Free: 10 Things the Best Law-Firm Website Designs Have in Common
For seven years, Lawyerist has published an annual list of the best law firm websites. Now, you can find out what they have in common.
More important than the question of whether your blog should be on or off your law firm website is this: should you blog at all? For a while, it seemed like every legal marketing consultant was promoting blogs as the be-all and end-all of law firm marketing. (Now they’re mostly on to Pinterest and Klout.)
In all the excitement, nobody thought to ask whether lawyers really ought to be starting blogs. And the thing is, most shouldn’t. But hey, maybe you are the exception. Let’s see.
What is a blog?
First, a little vocabulary. When it comes to blogs, the software does not define the medium. A law firm website with a Blog tab that is mostly FAQ-type posts or posts about a lawyer’s latest award is not really a blog — at least not as I’m talking about here. So if that’s what you have in mind, don’t kid yourself. You aren’t blogging; you are self-promoting.
That’s not to say you shouldn’t have a self-promote-y Firm News section of your website. Of course you should. But it’s not a blog.
A blog has substance, not just promotion. A blog is generally focused on a fairly narrow subject. And it is updated frequently with posts arranged in reverse-chronological order. (n.b., A post is not a blog.) Most successful blogs are updated multiples times per day. Some successful blogs are updated less frequently, but if you aren’t going to update a blog at least once a week, you are probably wasting your time.
That’s a lot of time to waste, really. Most bloggers take a couple of hours to write a post. That’s a serious investment of time, and you’d better make sure it is worth your while.
What are the (potential benefits) of blogging?
In order to decide whether blogging is worth your while, you need a clear idea of your objectives.
Potentially, a blog can be a powerful source of potential clients, directly and indirectly. If you write a focused, frequently-updated blog about a practice area of interest to your potential clients, you can generate a substantial percentage of your potential client inquiries from your blog.
But — this is a gigantic but — blogs that consistently generate a lot of quality potential client inquiries are rare. So you need to look beyond marketing to the other potential benefits. For most successful bloggers, the immediate benefit is having an outlet, a place to express oneself and join a conversation about the subject of the blog. Blogs predate Facebook, and they remain one of the best ways to have a conversation online.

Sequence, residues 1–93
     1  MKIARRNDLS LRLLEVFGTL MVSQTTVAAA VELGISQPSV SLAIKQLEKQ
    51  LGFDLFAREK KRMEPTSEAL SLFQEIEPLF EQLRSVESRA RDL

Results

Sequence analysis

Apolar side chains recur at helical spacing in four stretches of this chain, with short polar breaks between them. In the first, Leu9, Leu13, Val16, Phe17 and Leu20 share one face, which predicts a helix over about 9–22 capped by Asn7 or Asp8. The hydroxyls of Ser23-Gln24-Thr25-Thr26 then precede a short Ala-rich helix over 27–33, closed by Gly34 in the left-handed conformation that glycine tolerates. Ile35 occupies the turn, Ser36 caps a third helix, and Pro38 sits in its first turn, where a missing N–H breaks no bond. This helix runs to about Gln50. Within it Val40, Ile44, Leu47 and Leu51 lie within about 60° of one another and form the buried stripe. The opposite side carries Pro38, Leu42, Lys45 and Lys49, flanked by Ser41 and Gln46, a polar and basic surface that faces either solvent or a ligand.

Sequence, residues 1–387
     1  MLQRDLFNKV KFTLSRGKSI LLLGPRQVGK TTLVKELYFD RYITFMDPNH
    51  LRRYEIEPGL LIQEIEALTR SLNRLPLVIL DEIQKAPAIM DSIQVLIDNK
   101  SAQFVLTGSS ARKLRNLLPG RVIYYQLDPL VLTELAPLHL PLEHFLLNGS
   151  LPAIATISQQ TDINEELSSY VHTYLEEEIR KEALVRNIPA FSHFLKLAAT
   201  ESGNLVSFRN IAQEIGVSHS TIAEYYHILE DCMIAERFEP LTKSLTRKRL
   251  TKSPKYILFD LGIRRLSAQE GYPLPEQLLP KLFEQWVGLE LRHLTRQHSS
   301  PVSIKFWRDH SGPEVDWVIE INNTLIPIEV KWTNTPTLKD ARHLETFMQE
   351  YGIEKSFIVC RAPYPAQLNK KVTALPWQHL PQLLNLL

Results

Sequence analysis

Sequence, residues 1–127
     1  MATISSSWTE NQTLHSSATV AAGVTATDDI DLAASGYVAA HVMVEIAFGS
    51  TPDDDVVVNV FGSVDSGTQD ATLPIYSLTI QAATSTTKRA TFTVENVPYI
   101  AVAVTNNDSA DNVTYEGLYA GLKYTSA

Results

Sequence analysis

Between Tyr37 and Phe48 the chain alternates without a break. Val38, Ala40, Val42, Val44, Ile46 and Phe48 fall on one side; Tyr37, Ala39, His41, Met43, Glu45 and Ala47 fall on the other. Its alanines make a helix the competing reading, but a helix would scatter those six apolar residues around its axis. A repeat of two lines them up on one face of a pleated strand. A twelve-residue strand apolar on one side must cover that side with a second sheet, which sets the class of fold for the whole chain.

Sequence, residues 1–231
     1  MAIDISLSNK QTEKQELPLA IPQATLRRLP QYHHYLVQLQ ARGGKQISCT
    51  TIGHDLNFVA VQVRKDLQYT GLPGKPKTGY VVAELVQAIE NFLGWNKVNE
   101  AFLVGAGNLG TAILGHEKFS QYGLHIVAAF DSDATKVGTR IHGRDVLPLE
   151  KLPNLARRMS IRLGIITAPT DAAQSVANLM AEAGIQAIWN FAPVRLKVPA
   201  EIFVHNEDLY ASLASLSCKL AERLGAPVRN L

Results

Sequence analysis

If you are really lucky and/or good at blogging, you might even get enough traffic to make running ads worthwhile, at which point your blog can generate a bit of beer money, which is nice.
It is hard to generate a lot of quality potential client referrals
What you cannot count on is consistently generating a lot of quality potential client inquiries. Some, sure, but a lot?
Consistency requires a substantial, well-targeted readership. In other words, you need a lot of potential clients to read your blog on a daily basis. How many a lot is depends, of course. For most blogs, it means a few hundred, at minimum, if the blog is well-targeted to a specific niche.
To generate that kind of traffic, you will need to publish quality posts several times a week. That means giving up several hours of billable, marketing, or networking time to write for your blog.
Finally, the quality of potential client inquiries is often a crapshoot. No matter how focused your blog, you are going to get referrals that are a waste of your time to deal with. I got family law inquiries from my blog about debt collection abuse. I got lots of debt collection inquiries from other states. It’s the nature of the internet. People don’t always read. Sometimes, they just see the word lawyer and fire off an email.
What I’m saying is that blogging is a gamble. If you work your tail off, it might pay off. I worked my tail off for years, and my blog generated a big chunk of my potential clients. It can be done, but it’s not the normal result. The normal result is a dead law blog once the writer gives up, disappointed by the lack of results.
Blog because you love it
To avoid disappointment, focus on a different goal. For most successful bloggers (me included), blogging is its own benefit. I would be writing something else if I weren’t blogging, so I might as well do this. The love of writing (or the need to write) is probably the best reason to start a blog, actually, because you will be able to keep it going even if it doesn’t result in clients banging down your door.
So blog because you love it, not as a way to get clients. Write a blog because you want to share information, take part in the online conversation about your issue, rant about injustice, or whatever. Just write because for you, writing is its own reward. You will probably have the same chance of generating potential client inquiries as someone blogging for that purpose, but if they don’t happen, you will still have succeeded.
Otherwise, you’re going to have just another dead law blog, and we’ve got enough of those already.